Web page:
Faith of My Fathers, a family memoir. The story of John McCain and the influences of the military in his life.
Faith of My Fathers begins by John McCain recounting his family’s history of service within the United States Navy. Not only was his father an Admiral in the U.S. Navy, his grandfather was posthumously awarded that ranking, making them the first father-son pair to achieve this within the history of the Navy.
In the first sections of the book, he talks about how their experiences help to shape his morals and ethics, inspiring him to follow in their footsteps.
As the book progresses, he frankly discusses his experiences in the U.S. Naval Academy. Like his father and grandfather, his grades were abysmal. Graduating fifth from the bottom of his class, he barely escaped being kicked out of the program. Despite this, he is determined to follow in their footsteps and serve his country. After leaving the Academy, McCain began his service in Vietnam.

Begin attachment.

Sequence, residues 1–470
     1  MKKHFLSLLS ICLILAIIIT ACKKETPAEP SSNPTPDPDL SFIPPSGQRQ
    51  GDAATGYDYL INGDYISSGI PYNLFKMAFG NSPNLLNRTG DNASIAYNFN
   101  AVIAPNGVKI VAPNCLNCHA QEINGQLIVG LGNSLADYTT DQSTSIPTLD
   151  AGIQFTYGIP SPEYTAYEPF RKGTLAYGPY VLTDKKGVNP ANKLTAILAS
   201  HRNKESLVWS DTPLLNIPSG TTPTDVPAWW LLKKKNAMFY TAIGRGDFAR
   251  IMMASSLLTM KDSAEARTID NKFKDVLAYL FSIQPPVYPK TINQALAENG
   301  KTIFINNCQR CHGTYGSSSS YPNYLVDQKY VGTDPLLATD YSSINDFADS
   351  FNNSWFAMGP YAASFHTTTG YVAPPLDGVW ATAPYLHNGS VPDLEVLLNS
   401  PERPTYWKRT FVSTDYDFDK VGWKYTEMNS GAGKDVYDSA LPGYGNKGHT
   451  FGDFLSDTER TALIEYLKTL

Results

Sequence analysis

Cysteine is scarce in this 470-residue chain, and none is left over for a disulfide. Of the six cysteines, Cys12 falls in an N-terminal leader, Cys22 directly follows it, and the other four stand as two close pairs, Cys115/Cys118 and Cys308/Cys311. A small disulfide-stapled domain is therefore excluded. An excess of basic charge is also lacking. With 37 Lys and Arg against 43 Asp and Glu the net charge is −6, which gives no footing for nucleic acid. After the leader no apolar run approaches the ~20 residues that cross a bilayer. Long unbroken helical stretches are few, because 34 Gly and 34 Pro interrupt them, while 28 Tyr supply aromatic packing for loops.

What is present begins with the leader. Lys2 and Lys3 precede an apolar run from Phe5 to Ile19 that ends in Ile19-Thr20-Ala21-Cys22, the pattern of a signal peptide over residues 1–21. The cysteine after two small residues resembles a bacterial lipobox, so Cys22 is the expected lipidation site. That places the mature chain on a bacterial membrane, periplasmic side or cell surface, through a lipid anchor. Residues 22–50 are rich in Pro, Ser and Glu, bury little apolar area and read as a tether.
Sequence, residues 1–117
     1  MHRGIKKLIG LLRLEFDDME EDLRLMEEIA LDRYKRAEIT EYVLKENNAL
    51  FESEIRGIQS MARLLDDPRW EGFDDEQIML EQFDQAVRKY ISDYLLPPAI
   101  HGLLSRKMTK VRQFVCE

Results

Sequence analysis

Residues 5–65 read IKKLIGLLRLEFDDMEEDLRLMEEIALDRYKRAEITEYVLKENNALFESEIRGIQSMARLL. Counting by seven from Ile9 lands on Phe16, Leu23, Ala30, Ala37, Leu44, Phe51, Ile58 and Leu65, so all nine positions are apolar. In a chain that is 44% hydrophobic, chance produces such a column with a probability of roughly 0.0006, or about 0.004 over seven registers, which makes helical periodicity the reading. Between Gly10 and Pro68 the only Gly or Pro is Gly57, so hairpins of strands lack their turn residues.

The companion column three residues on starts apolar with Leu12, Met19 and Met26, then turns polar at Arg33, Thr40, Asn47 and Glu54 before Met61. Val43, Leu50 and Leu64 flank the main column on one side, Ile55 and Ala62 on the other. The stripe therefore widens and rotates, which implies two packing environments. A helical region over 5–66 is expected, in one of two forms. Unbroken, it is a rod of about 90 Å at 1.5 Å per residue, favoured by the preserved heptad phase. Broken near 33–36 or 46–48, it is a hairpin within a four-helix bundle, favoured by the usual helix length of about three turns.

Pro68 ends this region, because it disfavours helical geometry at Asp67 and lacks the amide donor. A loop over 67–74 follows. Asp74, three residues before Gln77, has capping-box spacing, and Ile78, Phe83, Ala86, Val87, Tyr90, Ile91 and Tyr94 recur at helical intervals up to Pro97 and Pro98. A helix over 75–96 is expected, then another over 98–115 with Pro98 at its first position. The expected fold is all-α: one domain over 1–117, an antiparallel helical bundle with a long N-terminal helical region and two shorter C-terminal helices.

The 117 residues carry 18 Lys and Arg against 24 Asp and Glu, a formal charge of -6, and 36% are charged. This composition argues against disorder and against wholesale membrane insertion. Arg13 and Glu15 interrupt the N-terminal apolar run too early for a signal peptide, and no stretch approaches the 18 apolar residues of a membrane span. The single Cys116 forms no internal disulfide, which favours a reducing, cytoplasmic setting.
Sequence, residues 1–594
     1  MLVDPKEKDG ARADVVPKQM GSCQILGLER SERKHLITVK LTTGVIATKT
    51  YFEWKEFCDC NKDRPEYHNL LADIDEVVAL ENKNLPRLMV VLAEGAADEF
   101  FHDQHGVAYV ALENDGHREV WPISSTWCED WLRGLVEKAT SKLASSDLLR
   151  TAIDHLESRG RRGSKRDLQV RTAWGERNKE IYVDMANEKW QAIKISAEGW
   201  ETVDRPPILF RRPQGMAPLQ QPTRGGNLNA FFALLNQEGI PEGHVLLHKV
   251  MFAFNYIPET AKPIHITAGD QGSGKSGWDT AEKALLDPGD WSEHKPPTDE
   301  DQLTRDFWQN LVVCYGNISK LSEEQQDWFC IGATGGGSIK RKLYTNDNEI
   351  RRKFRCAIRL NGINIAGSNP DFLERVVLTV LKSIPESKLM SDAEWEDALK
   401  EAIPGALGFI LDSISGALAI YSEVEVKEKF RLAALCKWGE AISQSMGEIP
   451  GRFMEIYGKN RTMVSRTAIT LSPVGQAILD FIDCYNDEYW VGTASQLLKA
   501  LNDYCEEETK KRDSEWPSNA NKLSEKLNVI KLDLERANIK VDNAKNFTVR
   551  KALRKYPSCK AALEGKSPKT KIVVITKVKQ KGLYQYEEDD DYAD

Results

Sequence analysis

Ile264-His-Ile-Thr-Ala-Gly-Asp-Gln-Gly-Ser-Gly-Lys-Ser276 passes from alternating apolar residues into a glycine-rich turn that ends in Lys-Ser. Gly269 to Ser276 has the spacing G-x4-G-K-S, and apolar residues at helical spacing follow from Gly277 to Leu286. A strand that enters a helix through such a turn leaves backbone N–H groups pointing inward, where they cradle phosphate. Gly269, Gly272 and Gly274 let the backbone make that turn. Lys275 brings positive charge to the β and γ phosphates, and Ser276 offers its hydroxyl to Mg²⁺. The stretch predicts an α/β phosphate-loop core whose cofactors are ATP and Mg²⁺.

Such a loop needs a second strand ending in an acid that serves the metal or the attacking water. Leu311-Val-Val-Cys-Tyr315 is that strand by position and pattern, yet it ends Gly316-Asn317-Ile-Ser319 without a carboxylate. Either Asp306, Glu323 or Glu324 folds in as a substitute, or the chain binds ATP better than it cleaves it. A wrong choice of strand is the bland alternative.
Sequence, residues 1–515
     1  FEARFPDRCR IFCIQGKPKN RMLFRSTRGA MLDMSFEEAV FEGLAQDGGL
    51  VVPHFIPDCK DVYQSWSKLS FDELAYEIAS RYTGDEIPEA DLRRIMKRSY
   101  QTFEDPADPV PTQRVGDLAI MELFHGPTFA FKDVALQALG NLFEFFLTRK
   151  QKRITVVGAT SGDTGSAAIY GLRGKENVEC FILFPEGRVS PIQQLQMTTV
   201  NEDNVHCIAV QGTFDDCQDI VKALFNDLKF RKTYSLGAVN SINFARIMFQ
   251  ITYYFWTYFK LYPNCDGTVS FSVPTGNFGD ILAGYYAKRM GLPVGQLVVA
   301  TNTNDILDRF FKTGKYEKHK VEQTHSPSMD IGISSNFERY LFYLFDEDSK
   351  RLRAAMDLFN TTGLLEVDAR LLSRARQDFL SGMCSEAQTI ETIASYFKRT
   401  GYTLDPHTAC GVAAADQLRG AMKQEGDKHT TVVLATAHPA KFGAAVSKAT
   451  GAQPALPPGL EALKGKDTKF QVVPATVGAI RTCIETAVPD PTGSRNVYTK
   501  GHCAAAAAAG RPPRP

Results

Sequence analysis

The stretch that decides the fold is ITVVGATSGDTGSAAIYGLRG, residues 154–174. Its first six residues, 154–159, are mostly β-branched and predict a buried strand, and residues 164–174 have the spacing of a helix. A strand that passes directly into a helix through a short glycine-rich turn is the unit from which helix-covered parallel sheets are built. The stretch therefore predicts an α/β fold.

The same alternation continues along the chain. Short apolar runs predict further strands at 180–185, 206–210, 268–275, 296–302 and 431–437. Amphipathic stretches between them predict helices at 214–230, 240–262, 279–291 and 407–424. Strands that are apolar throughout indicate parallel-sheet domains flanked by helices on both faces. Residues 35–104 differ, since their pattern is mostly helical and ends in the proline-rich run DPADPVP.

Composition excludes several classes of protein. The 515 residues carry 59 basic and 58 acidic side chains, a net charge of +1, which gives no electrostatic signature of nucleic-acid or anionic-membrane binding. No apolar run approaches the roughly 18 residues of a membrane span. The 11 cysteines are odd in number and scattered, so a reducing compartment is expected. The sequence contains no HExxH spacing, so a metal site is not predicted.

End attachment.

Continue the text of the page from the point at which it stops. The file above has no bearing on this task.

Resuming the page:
During the war, his plane was shot down and he was captured. Most of the book is about the five years that he spent in a North Vietnamese POW camp. A victim of both physical and mental torture, he survived while many of the others around him didn’t, which he attributed to the faith of his fathers. Before this election, I was completely unfamiliar with John McCain’s history.
As I mentioned earlier, I feel that informed decision making is an obligation of all American voters. No matter what your political views, McCain’s memoirs are about his lifelong patriotic devotion and commitment to his deeply held values.
A memoir is never going to portray an objective sense of what happened, but McCain’s writing seemed fairly balanced with a refreshing sense of humility.
Despite what could have been totally dry subject material, the book was an interesting read.
Read by the author in a very straight forward and casual style.